You know, I went into the movie with a very clear mindset, and that was to tell the movie entirely from the perspective of children. I never wanted to waver from that. It was always going to be from their perspective. And I went into the studio with a bunch of illustrations and paintings and photographs that adhered to that perspective. I really felt that that was going to be how I was going to put my stamp on this movie. I wanted to just stick to that. But as we started developing it and casting it, you bring in an actor like Bryce Dallas Howard and you bring in an actor like Rob Redford and all of a sudden you feel like, I as an audience member want to spend some time with them as adults. So, it became important to kind of create some scenes where they could express their own thoughts and feelings separate from the children.

It all happened organically, but the seed of the project was rooted in the perspective of a child. And by having that perspective from the beginning, I think it gave the film an adhesiveness so, even when we branch out to the adults, we still always return to the kids, and ultimately it is a movie from their perspective. We have little detours into the grownup drama that allows the hooks to sink into the adult audience members, but ultimately what I would love is for those hooks to then pull the adults back into the kids’ perspective and really see things through the eyes of a child once again.

What was the casting like for the two children? Did you intend to have the characters played by such distinctively different kinds of kids?

The first step was finding Pete, just because we knew he was going to have to carry the movie. He’s in almost every scene, and it’s a really big responsibility and a big task for a young actor to carry on their shoulders. He was someone whom our casting director saw fairly early on, and she told me he was exactly what I was looking for. I flew to New York, he walked in the door, and it was one of those lightning strike moments where you realize this is the kid who is going to carry your movie. It was so clear he was the perfect Pete, and I think part of that was body language. And the way he would listen to me when I spoke.

I knew Pete was going to be mostly a physical performance. He doesn’t have that much dialogue in the movie. He needed to convey so much through the way he moved, the way he existed in a given space, the way he turned his head, the way you could see the wheels turning behind his eyes when he’s listening to someone speak. It was all right there immediately as soon as Oakes [Fegley] walked in the room. I put him on video, sent that video to the studio, and they instantly were like, yes that’s Pete, tell him to stop cutting his hair. It was a very quick discovery, in some regards, but also one of those profound moments where you realize this is the kid who we’re going to base an entire movie around.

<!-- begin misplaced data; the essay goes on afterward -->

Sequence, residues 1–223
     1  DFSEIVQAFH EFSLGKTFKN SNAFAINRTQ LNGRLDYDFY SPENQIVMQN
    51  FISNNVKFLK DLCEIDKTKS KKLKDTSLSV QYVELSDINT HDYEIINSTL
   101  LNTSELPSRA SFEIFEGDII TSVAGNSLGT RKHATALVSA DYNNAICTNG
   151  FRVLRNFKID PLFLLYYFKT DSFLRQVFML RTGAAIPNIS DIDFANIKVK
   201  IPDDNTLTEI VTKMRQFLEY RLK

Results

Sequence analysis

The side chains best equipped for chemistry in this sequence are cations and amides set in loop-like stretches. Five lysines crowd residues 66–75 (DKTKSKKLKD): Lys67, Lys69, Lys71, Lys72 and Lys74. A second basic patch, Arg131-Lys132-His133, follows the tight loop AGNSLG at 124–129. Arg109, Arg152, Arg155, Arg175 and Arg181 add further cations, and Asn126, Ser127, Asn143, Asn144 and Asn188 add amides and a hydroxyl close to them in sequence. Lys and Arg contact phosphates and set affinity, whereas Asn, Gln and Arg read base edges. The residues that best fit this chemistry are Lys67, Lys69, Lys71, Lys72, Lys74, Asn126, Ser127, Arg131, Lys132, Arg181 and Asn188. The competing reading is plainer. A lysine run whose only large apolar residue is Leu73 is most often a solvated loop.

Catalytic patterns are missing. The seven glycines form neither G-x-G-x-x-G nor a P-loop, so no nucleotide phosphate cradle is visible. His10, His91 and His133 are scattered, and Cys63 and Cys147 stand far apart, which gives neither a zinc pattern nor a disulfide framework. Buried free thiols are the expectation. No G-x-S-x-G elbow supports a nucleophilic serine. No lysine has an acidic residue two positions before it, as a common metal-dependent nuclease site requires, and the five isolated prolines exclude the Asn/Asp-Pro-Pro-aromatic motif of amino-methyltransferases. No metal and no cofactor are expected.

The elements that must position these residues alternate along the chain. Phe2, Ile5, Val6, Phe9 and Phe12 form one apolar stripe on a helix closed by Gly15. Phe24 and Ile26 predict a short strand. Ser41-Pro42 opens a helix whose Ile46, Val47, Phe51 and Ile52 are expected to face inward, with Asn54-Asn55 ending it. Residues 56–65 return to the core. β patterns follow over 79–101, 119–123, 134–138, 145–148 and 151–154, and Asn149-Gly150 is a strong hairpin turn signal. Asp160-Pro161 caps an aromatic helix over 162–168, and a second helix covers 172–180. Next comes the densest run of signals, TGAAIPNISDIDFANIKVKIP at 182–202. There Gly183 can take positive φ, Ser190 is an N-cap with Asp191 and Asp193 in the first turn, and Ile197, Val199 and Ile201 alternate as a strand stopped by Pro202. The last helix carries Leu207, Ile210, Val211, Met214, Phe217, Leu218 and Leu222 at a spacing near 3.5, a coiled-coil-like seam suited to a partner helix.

We were simultaneously looking for Natalies. We saw a lot of wonderful young ladies, and Oona [Laurence] just had something about her that was unusual. She felt different. She felt sort of like the outsider, the kind of kid who would feel more comfortable reading a book in their room by themselves than playing with friends. That right there describes my childhood. It really felt personal to me. I really felt like I could relate to how she was going to play this character. We had her come in and do a scene with Pete, the scene where they fall out of the tree where she asks him his name and he’s playing with her hair, and we did that scene a couple of times. And we did the scene where they’re drawing with crayons, and they just had such a wonderful chemistry and played off each other so perfectly, and they both felt like real kids.

It’s so important to me, in all of my films, to have children who don’t feel like child actors. That’s not to disparage child actors, because they’re an incredibly talented bunch, and there are all sorts who are good at different things, but I really wanted kids who felt like my brothers and sisters when I was growing up. I’m the oldest of nine kids, so I have a lot of experience to draw from in terms of being around children. I just had this idea of Pete and Natalie feeling like my siblings. We spent a lot of time as kids running around outside, building forts, getting dirty, and not talking very much because we were all a bunch of very quiet children in spite of how rowdy we got. I was looking for that with Pete, and with Natalie I was looking for that bookworm creative type we ‐ all my siblings and I ‐ also were. There’s a lot of me and my family in the casting of those characters, and that goes for any time I make a movie with kids, which thus far has been every movie I’ve made. I’m always looking for kids who feel like the kids that I knew or that I still know or that I grew up with.

How different is it to be now taking on Peter Pan?

That’s a fun challenge because it’s a movie that, unlike Pete’s Dragon, you don’t want to mess around with too much. It’s a classic for a reason, and you want to sort of honor the legacy it has. It’s probably one of the five most famous Disney movies, if not more than that, maybe the top three. I love the original. I love the original book. I love the 2003 version of that movie. So, it’s an interesting reversal of the situation on Pete’s Dragon, where I had no sense of preciousness about the original, but now I do. So, I’m getting to see that side of things.

What other Disney movies would you like to remake next? I hear that like me you love Swiss Family Robinson…

Swiss Family Robinson is great. I think it’s due for a remake. It’s been a long time since there’s been a Swiss Family Robinson movie. I think it depends on the project. If it speaks to me, if I feel there’s a way into it for me, I totally would be open to it. I don’t begrudge any remakes. I think that film is intrinsically a flexible medium and it can support any number of ways of telling the same story. It just matters how you tell it. So, if I have a way to tell a story that feels personal to me, and it makes me feel like I’m telling it for the first time, if it makes me feel like it’s a unique film, I’ll totally go for it. There’s nothing immediately pressing that I would want to do, I don’t think. There’s nothing that comes to mind. But I’m sure if the right property came along, I would totally do it if it felt right.

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Christopher Campbell began writing film criticism and covering film festivals for a zine called Read, back when a zine could actually get you Sundance press credentials. He's now a Senior Editor at FSR and the founding editor of our sister site Nonfics. He also regularly contributes to Fandango and Rotten Tomatoes and is the President of the Critics Choice Association's Documentary Branch.